From the windows of the waterfront homes that surround it, Lake Seminole still looks like the serene freshwater lake its designers wanted. But after 70 years of being inundated with storm runoff and pollution, it has become a symbol of Pinellas County's water quality problems.
One of the largest lakes in Pinellas, Lake Seminole was created in the 1940s when county officials damned an estuary off Long Bayou, fully submerging marsh grasses and mangroves, and leaving them there to rot. Decades later, the bottom of the lake is covered in a million cubic yards of muck and has the consistency of chocolate pudding.
Lake Seminole has become "the poster child for bad water quality," said Kelli Levy, who oversees stormwater management for Pinellas.
The 1990s brought repeated attempts to clean up the lake. Plans were drawn up and funding promises were made, and then the muck of bureaucracy, money and inertia began to build.
People fought over in whose backyard all that decomposing grass would be dumped. For reasons that are still unclear, it took three years for the state to approve permits for water treatment plants. And as the county's revenues began to decline, funding was diverted to more urgent projects.
Originally given a 2008 deadline, the Lake Seminole cleanup project is now long overdue. There has been progress, and four of the six water treatment plants have been built, but the dredging that was supposed to be done years ago isn't slated to begin until 2014.
And though the county once estimated the project would cost about $11.1 million, officials now say that, by the time the dredging is done, they will have spent $30 million.
Levy said that Lake Seminole's water is improving, but that welcome news is tempered by the worsening water quality in Lake Tarpon. At 2,500 acres, it is more than three times the size of Lake Seminole.
"We would never be able to afford to dredge Lake Tarpon if that's what it came to, it would be hundreds of millions of dollars," Levy said. "So we've got to prevent this."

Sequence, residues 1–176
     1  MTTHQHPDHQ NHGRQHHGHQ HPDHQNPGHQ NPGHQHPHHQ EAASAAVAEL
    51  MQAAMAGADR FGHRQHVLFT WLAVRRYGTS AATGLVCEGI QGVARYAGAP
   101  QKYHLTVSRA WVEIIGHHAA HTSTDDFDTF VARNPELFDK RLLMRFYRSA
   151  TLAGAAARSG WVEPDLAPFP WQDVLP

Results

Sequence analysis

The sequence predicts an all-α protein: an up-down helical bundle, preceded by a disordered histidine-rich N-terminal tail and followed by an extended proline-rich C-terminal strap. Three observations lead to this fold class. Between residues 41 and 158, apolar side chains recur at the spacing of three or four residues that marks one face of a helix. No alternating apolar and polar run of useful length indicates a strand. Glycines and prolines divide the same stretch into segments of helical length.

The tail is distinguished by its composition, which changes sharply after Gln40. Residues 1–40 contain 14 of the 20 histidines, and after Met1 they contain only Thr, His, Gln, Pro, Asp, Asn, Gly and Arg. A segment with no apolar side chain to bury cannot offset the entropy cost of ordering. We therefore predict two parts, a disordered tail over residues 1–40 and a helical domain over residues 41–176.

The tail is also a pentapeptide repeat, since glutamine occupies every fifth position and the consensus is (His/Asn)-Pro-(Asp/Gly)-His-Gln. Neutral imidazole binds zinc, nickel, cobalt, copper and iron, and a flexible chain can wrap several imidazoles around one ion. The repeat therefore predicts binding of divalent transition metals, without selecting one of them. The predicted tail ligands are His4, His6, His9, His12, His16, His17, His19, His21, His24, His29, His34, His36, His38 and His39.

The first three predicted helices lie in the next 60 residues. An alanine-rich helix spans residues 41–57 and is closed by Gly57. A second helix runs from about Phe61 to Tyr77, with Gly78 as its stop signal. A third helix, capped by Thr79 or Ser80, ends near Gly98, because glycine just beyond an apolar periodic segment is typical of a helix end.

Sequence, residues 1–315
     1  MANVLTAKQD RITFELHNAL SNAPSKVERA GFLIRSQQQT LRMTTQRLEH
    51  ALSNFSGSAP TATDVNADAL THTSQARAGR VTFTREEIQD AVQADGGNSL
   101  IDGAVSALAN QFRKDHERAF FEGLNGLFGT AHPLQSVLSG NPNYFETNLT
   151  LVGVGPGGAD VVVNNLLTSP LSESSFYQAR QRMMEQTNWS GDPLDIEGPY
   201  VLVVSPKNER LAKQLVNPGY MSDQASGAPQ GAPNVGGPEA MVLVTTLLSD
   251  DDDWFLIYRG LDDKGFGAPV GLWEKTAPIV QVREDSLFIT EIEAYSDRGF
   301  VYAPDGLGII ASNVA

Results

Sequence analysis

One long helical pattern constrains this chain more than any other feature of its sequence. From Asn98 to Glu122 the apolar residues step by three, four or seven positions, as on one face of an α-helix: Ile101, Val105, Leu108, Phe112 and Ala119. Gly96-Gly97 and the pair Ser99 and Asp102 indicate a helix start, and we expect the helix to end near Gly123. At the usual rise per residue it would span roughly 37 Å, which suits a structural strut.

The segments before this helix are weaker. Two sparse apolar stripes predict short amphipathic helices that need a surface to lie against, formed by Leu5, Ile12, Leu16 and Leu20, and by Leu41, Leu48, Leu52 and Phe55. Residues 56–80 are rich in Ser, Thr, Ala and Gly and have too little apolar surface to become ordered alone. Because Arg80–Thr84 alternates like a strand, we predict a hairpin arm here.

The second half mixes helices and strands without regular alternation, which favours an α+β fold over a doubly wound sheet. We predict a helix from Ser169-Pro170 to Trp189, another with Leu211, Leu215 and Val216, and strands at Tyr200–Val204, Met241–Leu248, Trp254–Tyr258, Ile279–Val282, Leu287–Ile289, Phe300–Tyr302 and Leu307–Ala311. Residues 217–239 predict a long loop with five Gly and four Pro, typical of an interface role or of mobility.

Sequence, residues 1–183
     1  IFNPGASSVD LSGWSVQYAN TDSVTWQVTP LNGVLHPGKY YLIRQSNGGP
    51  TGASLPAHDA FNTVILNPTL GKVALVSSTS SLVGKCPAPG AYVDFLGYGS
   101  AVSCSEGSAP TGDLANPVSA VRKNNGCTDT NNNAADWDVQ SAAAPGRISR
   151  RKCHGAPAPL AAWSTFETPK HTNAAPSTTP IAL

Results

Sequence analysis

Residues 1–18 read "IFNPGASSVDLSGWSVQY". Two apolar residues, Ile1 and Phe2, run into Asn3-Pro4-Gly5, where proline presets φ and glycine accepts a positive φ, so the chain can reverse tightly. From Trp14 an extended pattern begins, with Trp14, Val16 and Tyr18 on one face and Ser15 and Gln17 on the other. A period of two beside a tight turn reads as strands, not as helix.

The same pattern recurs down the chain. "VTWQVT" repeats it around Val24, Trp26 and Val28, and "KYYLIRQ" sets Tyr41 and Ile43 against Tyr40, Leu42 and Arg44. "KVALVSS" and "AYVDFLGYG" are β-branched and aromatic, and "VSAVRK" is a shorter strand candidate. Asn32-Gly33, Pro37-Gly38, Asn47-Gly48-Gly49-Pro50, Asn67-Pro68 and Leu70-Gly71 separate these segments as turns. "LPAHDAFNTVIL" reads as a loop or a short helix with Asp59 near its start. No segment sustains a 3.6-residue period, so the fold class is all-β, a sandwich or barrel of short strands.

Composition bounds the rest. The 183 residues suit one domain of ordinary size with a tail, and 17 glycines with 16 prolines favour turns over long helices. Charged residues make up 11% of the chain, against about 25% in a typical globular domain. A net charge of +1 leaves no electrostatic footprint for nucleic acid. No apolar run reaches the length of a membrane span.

Lake Tarpon and Lake Seminole are extreme examples of costly restoration projects in Pinellas, but some commissioners say they are hearing a growing number of complaints about other polluted lakes and creeks. And the County Commission is awakening to the realization that reversing decades of fertilizer runoff and drainage problems is going to be expensive.
At the end of this month, County Administrator Bob LaSala plans to present the commission with a way to cover the costs: a $10.50 per month stormwater utility fee to be paid by people living in the unincorporated areas. Over the course of a year, that would come to $126 per household and bring the county about $19.7 million.
Setting up a stormwater fee would be a change for Pinellas, but not for the rest of Tampa Bay. Hernando approved a stormwater tax in 2003. Pasco instituted a fee in 2007 — it charges the owner of a single-family home or condo $47 a year. Hillsborough County bills homeowners $12 a year for stormwater, a fee its commission is debating whether to increase.
The proposed fee for Pinellas is higher than many of these others, LaSala acknowledged. "It's an evaluation based on the assessment we've made of our stormwater needs in the unincorporated area," he said. "We don't have a lot of land that's capable of absorbing our rainfall and runoff."
Many of the commissioners have already voiced support for a stormwater fee.
"I would think there's a majority to do it," said Commissioner John Morroni. "It's time to pay the piper and we don't have the money in our regular budget for this."
In Pinellas, funding for drainage and flood control projects has come out of the general fund, which is heavily dependent on property taxes, and already stretched thin. The rest comes from the transportation fund, which is shrinking courtesy of the increasingly fruitless gas tax.
In a few years, there may not be enough money in that fund to pave roads, LaSala warned commissioners earlier this month, much less spend $5 million on storm runoff.
Along with deciding how much to charge, commissioners will also have to determine who should pay. Though some view a countywide fee — one that would take the place of the various fees levied by cities — as an impossible goal, others are still holding it out as an option.
"I remain convinced that the stormwater solution must include a countywide consolidated effort," Commissioner Norm Roche wrote in an email.
Anna M. Phillips can be reached at email@example.com or (727) 893-8779.